“I find enjoyment in art by changing the typical life of an organism. An aesthetically pleasing form that allows for functioning living organisms to reside, develop, laugh, escape, or express. The true joy of my work resides in the life that is generated from my creation. The excitement develops once it is subjected to the environment; when the art work is no longer under my control, but under the control of insects, vegetation, mammals, seasons, and time.”                                                                                                                                                                                                                                               — Travis Gramberg


TreeHouse: Let’s talk a bit about the plants from your designs first. It seems that you tend towards using cacti and succulents. Is there a reason for that? And where do you buy or grow them? Do you keep them around to mature for a while or stick them right into the design once you have them?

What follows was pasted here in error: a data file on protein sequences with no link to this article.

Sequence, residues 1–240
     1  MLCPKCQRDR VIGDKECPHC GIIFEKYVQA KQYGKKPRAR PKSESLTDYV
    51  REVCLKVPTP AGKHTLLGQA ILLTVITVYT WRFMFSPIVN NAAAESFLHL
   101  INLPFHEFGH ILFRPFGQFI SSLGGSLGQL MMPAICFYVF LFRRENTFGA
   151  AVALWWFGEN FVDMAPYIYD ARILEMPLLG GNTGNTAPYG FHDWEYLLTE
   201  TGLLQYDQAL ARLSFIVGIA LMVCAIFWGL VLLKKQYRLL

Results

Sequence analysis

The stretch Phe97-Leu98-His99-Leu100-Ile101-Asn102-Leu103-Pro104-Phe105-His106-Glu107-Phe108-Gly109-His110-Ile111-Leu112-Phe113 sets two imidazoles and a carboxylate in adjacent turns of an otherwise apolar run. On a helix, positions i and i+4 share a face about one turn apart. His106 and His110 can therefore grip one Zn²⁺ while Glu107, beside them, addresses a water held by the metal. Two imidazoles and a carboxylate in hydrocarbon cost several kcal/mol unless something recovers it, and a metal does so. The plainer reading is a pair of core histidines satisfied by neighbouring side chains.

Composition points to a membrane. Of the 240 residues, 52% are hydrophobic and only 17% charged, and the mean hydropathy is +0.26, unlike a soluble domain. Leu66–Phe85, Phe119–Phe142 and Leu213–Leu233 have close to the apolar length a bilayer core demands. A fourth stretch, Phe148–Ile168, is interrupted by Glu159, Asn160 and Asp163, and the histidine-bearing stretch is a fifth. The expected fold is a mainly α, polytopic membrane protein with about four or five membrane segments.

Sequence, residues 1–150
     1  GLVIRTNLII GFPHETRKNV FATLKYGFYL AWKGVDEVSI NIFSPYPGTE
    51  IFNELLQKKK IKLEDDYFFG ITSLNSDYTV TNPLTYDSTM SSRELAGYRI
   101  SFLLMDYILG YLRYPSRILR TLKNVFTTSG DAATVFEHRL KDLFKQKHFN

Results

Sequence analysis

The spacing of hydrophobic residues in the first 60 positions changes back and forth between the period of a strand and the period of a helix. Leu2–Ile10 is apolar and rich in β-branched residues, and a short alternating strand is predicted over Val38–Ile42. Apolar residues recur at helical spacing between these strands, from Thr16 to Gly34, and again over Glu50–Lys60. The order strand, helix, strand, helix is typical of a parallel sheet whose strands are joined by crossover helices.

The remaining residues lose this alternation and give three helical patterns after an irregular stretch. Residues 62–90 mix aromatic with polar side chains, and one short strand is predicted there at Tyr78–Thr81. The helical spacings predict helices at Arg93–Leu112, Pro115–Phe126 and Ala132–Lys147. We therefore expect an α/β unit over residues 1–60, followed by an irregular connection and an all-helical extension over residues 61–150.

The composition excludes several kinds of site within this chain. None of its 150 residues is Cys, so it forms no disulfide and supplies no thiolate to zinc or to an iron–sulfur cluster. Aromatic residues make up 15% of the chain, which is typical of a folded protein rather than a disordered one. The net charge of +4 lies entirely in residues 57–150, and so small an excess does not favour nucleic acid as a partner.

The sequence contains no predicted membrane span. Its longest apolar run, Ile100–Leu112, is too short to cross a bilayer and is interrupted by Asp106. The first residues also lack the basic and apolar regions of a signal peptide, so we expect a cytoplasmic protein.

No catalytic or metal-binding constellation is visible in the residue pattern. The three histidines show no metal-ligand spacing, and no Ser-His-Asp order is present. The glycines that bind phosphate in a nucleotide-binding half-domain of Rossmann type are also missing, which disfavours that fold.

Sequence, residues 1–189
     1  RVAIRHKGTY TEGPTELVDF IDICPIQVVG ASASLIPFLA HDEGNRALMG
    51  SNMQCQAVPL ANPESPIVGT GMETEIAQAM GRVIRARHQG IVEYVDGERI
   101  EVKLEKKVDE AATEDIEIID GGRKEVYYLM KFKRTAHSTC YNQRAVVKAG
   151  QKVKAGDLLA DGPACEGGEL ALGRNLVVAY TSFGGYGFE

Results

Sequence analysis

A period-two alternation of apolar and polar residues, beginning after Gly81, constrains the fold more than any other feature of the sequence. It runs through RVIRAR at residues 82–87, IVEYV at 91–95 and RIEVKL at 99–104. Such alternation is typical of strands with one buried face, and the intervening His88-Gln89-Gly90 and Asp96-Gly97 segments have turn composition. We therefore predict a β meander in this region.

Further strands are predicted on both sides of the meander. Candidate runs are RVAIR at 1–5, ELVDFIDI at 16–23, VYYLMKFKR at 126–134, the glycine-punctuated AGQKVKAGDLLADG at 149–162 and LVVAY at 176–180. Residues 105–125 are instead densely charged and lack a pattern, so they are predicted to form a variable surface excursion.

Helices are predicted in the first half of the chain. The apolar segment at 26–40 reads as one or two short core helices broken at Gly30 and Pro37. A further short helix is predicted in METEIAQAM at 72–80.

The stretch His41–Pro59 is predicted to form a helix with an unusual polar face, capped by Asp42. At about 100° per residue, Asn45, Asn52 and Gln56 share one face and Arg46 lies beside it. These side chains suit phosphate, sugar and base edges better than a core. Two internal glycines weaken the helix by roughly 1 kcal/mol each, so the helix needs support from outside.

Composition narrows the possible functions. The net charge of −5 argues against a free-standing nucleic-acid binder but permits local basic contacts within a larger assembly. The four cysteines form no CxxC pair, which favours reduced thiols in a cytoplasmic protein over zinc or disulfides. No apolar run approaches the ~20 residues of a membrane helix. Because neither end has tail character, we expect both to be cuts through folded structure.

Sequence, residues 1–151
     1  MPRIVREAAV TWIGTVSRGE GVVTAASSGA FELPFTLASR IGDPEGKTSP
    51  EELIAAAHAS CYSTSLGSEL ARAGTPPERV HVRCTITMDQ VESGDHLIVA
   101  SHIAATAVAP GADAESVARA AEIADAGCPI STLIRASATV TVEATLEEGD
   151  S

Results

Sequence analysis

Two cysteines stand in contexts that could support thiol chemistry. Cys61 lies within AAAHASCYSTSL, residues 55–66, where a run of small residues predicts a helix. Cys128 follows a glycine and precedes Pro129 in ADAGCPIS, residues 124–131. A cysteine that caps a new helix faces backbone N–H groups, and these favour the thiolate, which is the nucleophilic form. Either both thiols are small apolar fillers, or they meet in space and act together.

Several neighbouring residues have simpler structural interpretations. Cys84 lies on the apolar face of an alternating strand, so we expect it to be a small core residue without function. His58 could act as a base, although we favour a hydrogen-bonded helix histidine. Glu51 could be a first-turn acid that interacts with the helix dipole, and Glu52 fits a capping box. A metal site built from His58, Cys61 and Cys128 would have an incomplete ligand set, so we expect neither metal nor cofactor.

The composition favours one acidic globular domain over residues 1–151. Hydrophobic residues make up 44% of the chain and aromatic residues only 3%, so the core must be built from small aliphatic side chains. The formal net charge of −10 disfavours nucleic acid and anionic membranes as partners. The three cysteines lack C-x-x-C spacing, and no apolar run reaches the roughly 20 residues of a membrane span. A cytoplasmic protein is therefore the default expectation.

Travis Gramberg: I enjoy using cacti, succulents, and epiphytes (air ferns) in my work mainly because of their unique sculptural qualities. Most of the plants I have are gifts from people; succulents and air ferns have that ability to be snapped from the mother plant and passed on to someone else. Because of this I usually have a handful of plants lying around that I am taking care of.  I live in an apartment so I really only try to keep around what I will be using. That being said, my patio is completely overcrowded with plant material. In some cases I have to shop specifically for the exact plant I need based on color, height, and water level. For example, in the mask “Rusty Mug” I had to drive to a number of different nurseries to find the right look for her eyes.


TH: How did you start creating your plant designs? What inspired you to begin your first project?